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Is Squarespace Right For You?

Feb 15, 2017 | Squarespace, website design, Wordpress |

The upstart website platform is a good alternative, but you must know what you’re doing to create a great site.

In case you don’t already know, WordPress is the most popular and widely used content management system (CMS) on the planet Earth (drama intended). By a long shot. Current statistics show that the blogging-platform-turned-powerful-CMS has 17,402,952 live installations. That’s over 17 MILLION folks! The next two most popular CMS have a little over 2 million and 1 million live sites (Joomla and Squarespace respectively). However, Joomla’s installed base is dropping precipitously while Squarespace is currently adding new sites at about the same pace as WordPress.

Should you jump on the Squarespace bandwagon? Maybe. The reasons for WordPress‘ long and massive success are many, not the least of which is that it’s free open-source software and highly customizable and scalable while it is also a very user-friendly system. Squarespace is a commercial enterprise and heavily advertised, but it’s also a friendly system with a fair amount of custom design capabilities. It’s growth curve has been phenomenal.

Squarespace: To Use Or Not To Use

I’ve recently implemented a professional Squarespace website ( that turned out very nicely and is quite easy to maintain and update. During the process, I discovered significant differences between designing and developing a Sqaurespace site versus most of the CMS I’ve used over the past 20 years, especially WordPress and Drupal. While Squarespace is a closed system with several built-in design theme options and a fair set of customization options, WordPress is a completely open system with almost unlimited design themes and endless customization options. If it can be done on the web, most likely WordPress can do it. Squarespace not so much.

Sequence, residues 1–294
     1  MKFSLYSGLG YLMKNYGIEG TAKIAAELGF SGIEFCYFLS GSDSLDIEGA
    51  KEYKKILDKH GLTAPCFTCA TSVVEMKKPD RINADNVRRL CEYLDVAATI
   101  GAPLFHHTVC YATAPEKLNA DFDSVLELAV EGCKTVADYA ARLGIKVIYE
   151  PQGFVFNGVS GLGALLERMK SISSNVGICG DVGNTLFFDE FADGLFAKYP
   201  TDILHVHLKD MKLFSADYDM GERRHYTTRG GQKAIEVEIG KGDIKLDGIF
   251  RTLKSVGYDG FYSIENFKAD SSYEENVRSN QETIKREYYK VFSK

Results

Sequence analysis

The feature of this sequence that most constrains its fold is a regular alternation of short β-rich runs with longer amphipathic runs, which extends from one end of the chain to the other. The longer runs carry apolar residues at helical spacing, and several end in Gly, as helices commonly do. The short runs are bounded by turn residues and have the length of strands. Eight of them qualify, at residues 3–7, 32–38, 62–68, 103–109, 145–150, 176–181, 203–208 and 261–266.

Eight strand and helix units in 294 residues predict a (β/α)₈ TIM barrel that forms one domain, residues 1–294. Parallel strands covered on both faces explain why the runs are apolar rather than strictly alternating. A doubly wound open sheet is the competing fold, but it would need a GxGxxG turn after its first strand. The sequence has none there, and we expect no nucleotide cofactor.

However, with several hours of self training, experimenting, redoing, and fine tuning, I was able to design a site that my client and I were very happy with. Here’s the big challenge: Squarespace’s design and administration interfaces are not intuitive and its user experience for customization and control are dissimilar to any other system I’ve used. My deep experience provided me the knowledge of what to look for and ideas about how a design could potentially be teased out of their standard templates. Without this experience, I would have been extremely frustrated and my design would be mostly bound by the look and feel of the chosen Squarespace template as it appears out of the box. Of course, with many more hours than I spent working on the site, a non-professional user could learn the entire system and experiment with design customization until they achieved the site of their dreams. I don’t know too many people who have that kind of time to invest.

Know Your Options

For me, the choice between these two worthwhile systems comes down to this:

  • To create a truly distinctive and professional website on either system requires the help of an experienced website designer.
  • If you have little or no experience creating a website, and can live with the out-of-the-box look of a design theme, both systems would be equally good choices for DIY implementation.
  • If you have a lot of experience designing websites and want the full flexibility that the web offers, use WordPress.
  • If you don’t mind having custom design limitations and wish to have a more simple updating experience, use Squarespace.
  • Know the differences in capabilities and limitations between the two systems before you make a choice.
  • Understand that a WordPress site is yours and can be hosted at any decent hosting company of your choosing and be moved from one host to another, easily.
  • Squarespace is owned and hosted by a company and is not available anywhere else. You own your content and images, but everything else about the site design, code and setting remains with Squarespace and you cannot take it elsewhere.

Choose wisely, my friends.

‘Nuff said!